NativeAdVantage 10-Q2BA:

(10 Questions 2B Answered)

What do you do best?
What makes you the best?
Biggest success?
What are your aspirations?
Most challenging moment?
Favorite Motto?
Favorite People?
Favorite Places?
Favorite Products?
Current Passions?

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« Chris Ryan: Fitness Expert & Personal Trainer on NBC's STRONG | Main | Arianne Traverso: Creator of Bizzy Yogi Business Academy, Co-owner of TRIO Studios & AcroYoga Senior Teacher »

David Zapatka: Emmy Winning Network Director of Photography, Adjunct Instructor, RISD

My NativeAdVantage:


David Zapatka grew up in Westerly, RI and picked up his first camera at age 13.  An astute yearbook advisor noticed him carrying the camera in school and asked if he’d shoot pictures instead of sitting in study halls, essentially giving him his first press pass, and from then on he was hooked. At Rhode Island College he studied mass communications, discovering film and video during his junior year. In his senior year he was hired full time as a news cameraman in Providence. Zapatka spent ten years shooting local news in the Providence market until he began his long career as a network freelance cameraman and director of photography.  His work regularly appears on network news and sports programs working for ABC, NBC, CBS, PBS, HBO, and CNN.  His assignments have brought him to 49 states and over 30 countries.  He’s covered six Superbowls and for the past 17 years has covered the NCAA Men’s Basketball Tournament; he’s worked at four winter Olympic Games, winning two National Sports Emmy awards for his contributions to the NBC coverage of the Olympics in Salt Lake City in 2002 and Vancouver in 2010.  In 2016 he joined the adjunct faculty at the Rhode Island School of Design teaching lighting techniques in the Film/Animation/Video department.

In October 2103 he began what has become the “Stars & Lights” lighthouse project capturing nighttime studies of New England lighthouses under brilliant star filled skies. His works have been juried into dozens of New England art galleries and festivals and he has had solo shows on Block Island and in New York City.  The work was recently chosen by the Rhode Island State Council for the Arts for its Public Art Display for Home and Hospice beginning in December 2016.  He continues to photograph lighthouses under the stars and as of the fall of 2016 has captured more than ninety throughout the Northeast.

What do you do best?

Probably what I’m doing at this very moment--staring at the screen wondering what I do best.  And I don’t say that to be flippant or sarcastic because being the best is something I’ve strived to be in everything I do: being a husband; a father; a friend; a neighbor on the personal level; being a cameraman; a director of photography; a producer; a photographer; an instructor on the professional end.  Striving to do the best at whatever task is at hand is what I’ve always tried to do.  It doesn’t always work out that the end result is the most wonderful creation of anything but I know in my heart I’ve always given it my best effort no matter the task.  Nothing bothers me more than to see someone “phone it in” and give a lackadaisical effort simply because they can. Currently I’m trying to give the best answers to a series of interesting questions while answering from the heart.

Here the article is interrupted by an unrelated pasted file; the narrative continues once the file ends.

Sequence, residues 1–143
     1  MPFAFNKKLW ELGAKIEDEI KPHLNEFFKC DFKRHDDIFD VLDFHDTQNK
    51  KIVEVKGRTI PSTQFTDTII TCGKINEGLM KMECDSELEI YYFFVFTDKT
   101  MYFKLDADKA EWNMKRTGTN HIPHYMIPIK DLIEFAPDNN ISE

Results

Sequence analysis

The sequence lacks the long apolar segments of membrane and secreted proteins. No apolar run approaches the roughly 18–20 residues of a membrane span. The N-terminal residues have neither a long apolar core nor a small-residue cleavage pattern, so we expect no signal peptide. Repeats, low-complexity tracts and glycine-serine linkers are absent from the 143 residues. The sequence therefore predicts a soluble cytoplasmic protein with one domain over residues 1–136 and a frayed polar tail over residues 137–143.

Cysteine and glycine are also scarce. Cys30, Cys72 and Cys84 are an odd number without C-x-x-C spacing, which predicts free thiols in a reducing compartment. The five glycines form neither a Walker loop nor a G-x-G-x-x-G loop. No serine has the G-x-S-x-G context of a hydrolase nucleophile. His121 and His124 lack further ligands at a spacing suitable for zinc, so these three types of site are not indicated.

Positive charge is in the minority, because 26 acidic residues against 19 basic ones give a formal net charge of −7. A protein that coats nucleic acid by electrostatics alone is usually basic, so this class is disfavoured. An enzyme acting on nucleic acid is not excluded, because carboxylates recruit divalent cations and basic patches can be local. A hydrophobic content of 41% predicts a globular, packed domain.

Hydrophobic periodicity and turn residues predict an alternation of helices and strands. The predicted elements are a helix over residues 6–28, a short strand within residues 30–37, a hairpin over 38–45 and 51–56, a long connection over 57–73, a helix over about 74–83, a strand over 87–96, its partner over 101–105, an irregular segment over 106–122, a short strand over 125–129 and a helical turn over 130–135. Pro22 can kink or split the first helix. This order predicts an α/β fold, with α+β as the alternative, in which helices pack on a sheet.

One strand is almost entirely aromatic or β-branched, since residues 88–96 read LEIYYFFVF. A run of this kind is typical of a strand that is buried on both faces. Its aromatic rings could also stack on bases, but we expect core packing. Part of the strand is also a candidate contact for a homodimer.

What makes you the best?

Early in my career as a local news photographer reporters would always comment how wonderfully lit their stories were.  For a time I didn’t realize what I was doing, it just came naturally.  Over the years I developed a latent sense within my brain that allows for me to walk into a room and immediately know how to light it without ever second guessing that instinct. Concurrently I was also learning to be a student of the world by listening, studying and understanding every story I was covering. Many times, and this holds true even today where I sit long into my network television career, at the end of an interview I’ll ask the producer if I may ask a question of the interviewee and many times that answer will be the most important one of the interview. One of my closest friends in television is now a senior VP at ABC and she once commented that working with me “always made her a better producer.”  To have this label is a great honor.

What are your aspirations?

I’ve been so fortunate to have had a long career at the highest level and I realize that that part of my life is starting to wind down and as a result my aspirations are also in transition.  For thirty-five years the career focus was on time-based media though throughout still photography was an important aspect as well.  With television I never had anything tangible to show for the effort.  I recently started a wonderful stills project involving lighthouses at night and while it has reinvigorated my photography passion it has also introduced me to the art world that I’d never fully explored.  The works have received numerous local awards as well as international recognition with the hope of being published as early as summer 2017.

Biggest Success?

In network television there are thousands of failed marriages and broken families that have lain in ruin from the time and travel demands.  For many years I’d hear horror stories while covering huge national and international stories of correspondents, producers and cameramen who have broken their vows because of the latest big story.  Among all this personal carnage people were often amazed I had been able to maintain my marriage and family life, and this has been my greatest success.  We recently celebrated the first wedding of one of our three children and it was the most perfect day we have ever had as a family.  As I think back over the years, it was at times difficult with the stress of travel mixed with two careers and three young and growing children.  To accomplish this in an industry rampant with failed marriages is a big personal success.